Thursday, April 5, 2012

Ellis Avery gives an outtake from her luminous novel, THE LAST NUDE

I loved Ellis Avery's novel The Last Nude. Recently, I met her at a reading and we started to talk, and she mentioned having an outtake from her novel, which is inspired by the Art Deco painter Tamara de Lempicka, and which received glowing reviews from  The Boston GlobeThe San Francisco ChronicleThe Washington PostSF WeeklyVogue, O: The Oprah Magazineand NPRIn addition to The Last Nude (Riverhead 2012), Ellis Avery is the author of a first novel, The Teahouse Fire (Riverhead 2006). Set in the tea ceremony world of 19th century Japan, The Teahouse Fire won Lambda, Ohioana, and American Library Association awards and was translated into five languages. Avery is also the author of The Smoke Week (Gival 2003), an award-winning 9/11 memoir. She teaches fiction writing at Columbia University and lives in New York City.  Website:  And one-time rights are available to this piece.

And here it is, an outtake--thank you so much, Ellis!
 As for me, I'm off to Istanbul for a week! 

Kissed: 1928
by Ellis Avery

After the affair ended badly, I had my hair freshly marcelled, packed up my valise with everything I’d made, put on a new coat over the zipper dress I’d designed, and walked to rue Cambon.  Carved into the limestone above the front door of no. 31, I saw the face of a beautiful young woman: was she smiling at me, or laughing?
            At the far end of the townhouse lobby, I spotted the mirrored staircase that spiraled up to the couture floor.  At the near end, behind a long, shining desk, I found a human copy of the laughing stone maiden I’d just encountered, a blue-eyed girl already polished to so high a gloss, it would have been redundant for my painter to paint her.  “May I please speak with Mademoiselle Chanel?”  I asked in my best French.
            “What is this regarding?” she asked, derision tugging at her penciled brows.
I swallowed.  “I wanted to show her my work.”  She looked at my suitcase as if it might contain a bomb.  “I mean, the dresses I made,” I explained.  Understanding registered in her eyes, and with it, contempt.  The mirrored staircase at the far end of the lobby winked mockingly.  My confidence unraveling, I flailed.  “Do you need an apprentice?”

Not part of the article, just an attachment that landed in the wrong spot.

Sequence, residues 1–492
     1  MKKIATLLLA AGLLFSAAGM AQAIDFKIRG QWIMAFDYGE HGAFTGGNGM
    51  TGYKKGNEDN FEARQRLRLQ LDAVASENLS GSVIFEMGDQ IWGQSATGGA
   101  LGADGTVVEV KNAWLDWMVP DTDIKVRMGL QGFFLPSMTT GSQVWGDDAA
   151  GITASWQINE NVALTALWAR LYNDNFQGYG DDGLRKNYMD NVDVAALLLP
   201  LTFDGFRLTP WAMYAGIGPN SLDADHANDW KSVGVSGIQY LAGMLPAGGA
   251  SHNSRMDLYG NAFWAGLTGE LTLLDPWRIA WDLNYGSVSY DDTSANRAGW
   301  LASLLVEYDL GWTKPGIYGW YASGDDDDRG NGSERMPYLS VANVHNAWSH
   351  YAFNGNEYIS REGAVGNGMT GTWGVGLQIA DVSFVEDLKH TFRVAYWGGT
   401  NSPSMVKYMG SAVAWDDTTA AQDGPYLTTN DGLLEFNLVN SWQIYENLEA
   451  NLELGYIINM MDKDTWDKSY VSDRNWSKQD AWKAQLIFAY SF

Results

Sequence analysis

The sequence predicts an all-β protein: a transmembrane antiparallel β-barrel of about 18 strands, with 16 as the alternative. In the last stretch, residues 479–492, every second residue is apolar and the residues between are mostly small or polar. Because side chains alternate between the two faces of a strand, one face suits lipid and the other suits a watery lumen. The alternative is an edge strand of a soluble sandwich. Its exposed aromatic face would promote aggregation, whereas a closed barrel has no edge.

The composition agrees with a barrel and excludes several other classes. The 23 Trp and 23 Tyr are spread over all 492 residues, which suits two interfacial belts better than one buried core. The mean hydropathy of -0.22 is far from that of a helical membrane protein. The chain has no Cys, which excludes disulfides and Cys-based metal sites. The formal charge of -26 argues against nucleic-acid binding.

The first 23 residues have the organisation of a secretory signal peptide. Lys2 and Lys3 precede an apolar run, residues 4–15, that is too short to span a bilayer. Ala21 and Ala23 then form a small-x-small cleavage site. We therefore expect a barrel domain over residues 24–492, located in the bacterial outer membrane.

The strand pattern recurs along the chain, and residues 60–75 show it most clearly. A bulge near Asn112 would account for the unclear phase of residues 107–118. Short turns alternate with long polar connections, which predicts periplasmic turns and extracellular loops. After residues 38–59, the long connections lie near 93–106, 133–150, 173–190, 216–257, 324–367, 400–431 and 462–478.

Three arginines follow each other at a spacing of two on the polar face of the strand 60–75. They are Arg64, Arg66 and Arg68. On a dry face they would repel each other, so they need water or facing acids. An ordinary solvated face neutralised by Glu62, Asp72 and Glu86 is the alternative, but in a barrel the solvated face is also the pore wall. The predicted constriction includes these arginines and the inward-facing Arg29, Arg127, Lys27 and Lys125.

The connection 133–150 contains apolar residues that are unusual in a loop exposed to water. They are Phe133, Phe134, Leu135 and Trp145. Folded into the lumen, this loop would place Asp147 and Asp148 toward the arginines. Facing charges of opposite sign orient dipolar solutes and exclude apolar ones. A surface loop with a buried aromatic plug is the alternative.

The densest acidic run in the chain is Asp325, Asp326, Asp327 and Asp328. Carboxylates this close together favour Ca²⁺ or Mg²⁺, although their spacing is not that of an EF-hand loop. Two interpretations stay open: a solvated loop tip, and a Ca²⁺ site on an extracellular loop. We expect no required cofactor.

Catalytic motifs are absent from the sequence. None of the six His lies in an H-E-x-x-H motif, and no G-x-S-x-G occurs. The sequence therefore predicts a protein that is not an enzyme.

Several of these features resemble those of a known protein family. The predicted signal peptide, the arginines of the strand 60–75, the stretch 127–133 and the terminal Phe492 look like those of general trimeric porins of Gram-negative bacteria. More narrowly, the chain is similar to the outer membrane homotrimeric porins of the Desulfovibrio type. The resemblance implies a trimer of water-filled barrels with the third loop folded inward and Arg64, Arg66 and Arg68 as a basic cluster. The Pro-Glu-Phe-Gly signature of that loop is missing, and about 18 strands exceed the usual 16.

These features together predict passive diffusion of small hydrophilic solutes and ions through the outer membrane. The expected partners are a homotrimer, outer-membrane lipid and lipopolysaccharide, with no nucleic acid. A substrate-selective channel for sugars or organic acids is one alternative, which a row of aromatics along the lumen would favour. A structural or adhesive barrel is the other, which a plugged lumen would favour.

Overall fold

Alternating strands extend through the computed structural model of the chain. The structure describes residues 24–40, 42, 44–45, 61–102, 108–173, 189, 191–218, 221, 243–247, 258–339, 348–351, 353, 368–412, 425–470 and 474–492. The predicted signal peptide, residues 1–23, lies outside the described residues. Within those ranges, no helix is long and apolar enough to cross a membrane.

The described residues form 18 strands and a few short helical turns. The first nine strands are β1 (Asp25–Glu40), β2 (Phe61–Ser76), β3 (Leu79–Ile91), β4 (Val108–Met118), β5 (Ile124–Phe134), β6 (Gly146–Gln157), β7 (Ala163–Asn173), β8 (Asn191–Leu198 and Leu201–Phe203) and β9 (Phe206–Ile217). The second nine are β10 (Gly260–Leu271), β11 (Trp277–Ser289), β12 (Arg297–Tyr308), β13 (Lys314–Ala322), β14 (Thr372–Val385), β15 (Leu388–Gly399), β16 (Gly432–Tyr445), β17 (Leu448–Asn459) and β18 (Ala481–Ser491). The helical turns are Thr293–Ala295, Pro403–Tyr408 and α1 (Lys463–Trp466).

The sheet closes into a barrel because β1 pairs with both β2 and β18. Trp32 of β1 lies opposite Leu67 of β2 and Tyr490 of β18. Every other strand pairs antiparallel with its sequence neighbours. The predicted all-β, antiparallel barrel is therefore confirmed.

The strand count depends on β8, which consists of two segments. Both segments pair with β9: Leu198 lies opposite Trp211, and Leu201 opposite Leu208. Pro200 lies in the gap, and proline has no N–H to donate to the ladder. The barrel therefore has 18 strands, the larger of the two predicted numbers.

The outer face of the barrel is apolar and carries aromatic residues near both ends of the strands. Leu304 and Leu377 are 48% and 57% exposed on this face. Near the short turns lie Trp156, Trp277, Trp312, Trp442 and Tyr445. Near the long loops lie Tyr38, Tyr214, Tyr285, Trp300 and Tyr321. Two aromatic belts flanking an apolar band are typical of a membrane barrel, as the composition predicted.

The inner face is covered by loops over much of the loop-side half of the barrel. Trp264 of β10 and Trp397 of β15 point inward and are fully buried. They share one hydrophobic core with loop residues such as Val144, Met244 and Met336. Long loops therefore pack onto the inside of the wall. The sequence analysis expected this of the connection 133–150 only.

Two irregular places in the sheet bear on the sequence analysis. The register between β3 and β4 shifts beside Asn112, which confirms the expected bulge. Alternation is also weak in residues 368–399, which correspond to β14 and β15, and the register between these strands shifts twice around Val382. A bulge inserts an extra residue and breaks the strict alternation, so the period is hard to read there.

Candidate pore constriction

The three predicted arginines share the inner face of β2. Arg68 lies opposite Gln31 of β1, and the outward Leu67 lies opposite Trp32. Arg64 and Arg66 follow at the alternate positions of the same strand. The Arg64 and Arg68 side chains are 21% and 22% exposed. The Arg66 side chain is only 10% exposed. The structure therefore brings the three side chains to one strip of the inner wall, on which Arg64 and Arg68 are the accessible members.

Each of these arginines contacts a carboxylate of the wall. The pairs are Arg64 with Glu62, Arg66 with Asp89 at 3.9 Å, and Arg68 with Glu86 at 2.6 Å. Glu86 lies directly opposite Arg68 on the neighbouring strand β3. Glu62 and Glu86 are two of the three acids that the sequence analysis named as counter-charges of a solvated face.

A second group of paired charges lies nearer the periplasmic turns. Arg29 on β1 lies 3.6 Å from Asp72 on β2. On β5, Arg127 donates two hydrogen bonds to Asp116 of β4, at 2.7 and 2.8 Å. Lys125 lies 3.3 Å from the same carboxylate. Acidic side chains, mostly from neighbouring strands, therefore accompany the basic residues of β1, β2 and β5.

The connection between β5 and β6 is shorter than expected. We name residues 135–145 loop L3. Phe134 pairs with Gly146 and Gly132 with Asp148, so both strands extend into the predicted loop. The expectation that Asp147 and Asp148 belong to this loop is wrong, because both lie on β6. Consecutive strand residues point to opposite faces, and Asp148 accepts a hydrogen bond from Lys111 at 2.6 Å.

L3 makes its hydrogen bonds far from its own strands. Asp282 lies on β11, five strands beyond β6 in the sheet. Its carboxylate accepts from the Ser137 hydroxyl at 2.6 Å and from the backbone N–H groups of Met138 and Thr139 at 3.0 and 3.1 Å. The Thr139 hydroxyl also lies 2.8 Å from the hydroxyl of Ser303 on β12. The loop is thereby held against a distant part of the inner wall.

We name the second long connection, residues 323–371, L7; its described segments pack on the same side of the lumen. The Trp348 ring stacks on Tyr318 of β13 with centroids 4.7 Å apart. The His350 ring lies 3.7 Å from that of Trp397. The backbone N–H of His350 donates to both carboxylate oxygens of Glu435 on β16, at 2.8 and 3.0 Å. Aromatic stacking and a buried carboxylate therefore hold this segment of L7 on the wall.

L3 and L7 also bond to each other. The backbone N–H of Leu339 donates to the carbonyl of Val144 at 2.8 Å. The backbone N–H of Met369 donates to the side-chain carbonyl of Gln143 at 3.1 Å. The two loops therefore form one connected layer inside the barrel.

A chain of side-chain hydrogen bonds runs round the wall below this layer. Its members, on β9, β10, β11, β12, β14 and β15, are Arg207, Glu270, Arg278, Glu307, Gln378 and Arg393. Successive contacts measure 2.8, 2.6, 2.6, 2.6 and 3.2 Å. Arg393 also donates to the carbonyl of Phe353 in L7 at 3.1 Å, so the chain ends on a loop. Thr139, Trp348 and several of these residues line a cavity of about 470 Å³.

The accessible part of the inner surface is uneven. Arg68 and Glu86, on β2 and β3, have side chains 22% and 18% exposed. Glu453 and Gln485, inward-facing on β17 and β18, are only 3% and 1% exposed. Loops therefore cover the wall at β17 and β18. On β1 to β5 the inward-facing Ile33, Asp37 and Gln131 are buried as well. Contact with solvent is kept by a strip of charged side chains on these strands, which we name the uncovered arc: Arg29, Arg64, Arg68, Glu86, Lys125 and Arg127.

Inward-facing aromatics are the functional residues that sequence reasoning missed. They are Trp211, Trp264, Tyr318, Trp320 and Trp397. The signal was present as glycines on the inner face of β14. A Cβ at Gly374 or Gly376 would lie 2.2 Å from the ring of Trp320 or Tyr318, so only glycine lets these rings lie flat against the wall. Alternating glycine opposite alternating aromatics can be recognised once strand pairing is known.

The receptionist laughed outright.  “Mademoiselle is not hiring at this time,” she said. 
My throat closed up.  My little valise banged against my legs in defeat, but I was so angry that I looked up to face her.  “I can understand if you’re not hiring,” I said, the French words welling up like an underground stream.   “But why laugh at me?”
The receptionist gave an indignant little cough-snort.  “Because you have no idea how many girls just walk in looking for work.  This is a couture house, not a factory.  The arpettes here are students at the best technical college in Paris.”
“Oh,” I said, deflated.
She gave another little cough.  “Désolée,” she chirped, in no way desolate at the prospect of ejecting me from Chanel.  I turned away, smarting, but I stopped myself.  Her cruelty was nothing, mere professionalism, compared to what I’d recently endured.  I set down the valise and took out my notebook.  “What is the name of that college?” I asked, stainless-steel pencil poised.  “And the address?”
I could hear the condescension in her voice as she politely enunciated a name that had Filles des Bonnes Familles stamped all over it, but I refused to let myself slink away.
And then Fate kissed me on the forehead.  A woman with a wide red mobile mouth and a hat as small and perfectly-formed as a quail’s egg floated in through the front door on a wave of perfume, followed by a harried flunky with an armload of packages.  “Des messages?” the woman asked the receptionist. 
In the five seconds the blue-eyed mannequin spent stacking up slips of paper by the telephone, the woman in the cloche noted the tab of the zipper at my neckline with a brief widening of the eyes, then sized up the situation immediately with a glance at my notebook and my earnest little valise.  She did not meet my eye: it was obvious that the company kept a receptionist to save the higher-ups the time and trouble of keeping out people like me.  But as the girl handed over her slips of paper, the woman surprised me.  “Yours?” she asked, looking again at my dress. 
“Yes,” I managed to say.  “It’s my design.”
            “Eh bien,” she grunted, in a manner that balanced mockery with grudging interest, and took a second look over my shoulder at the name of the school I had written in my notebook.  “You should know that the Chambre Syndicale de la Couture is starting a school this fall as well,” she said, and with a blink of a smile, she sailed down the hall, shrugging off her coat and passing it to her assistant with the parcels.
                             I stared at the receptionist, stunned.  Her blue eyes narrowed at me with newfound envy.  “Was that—?” I whispered.
            “You mean you don’t know?”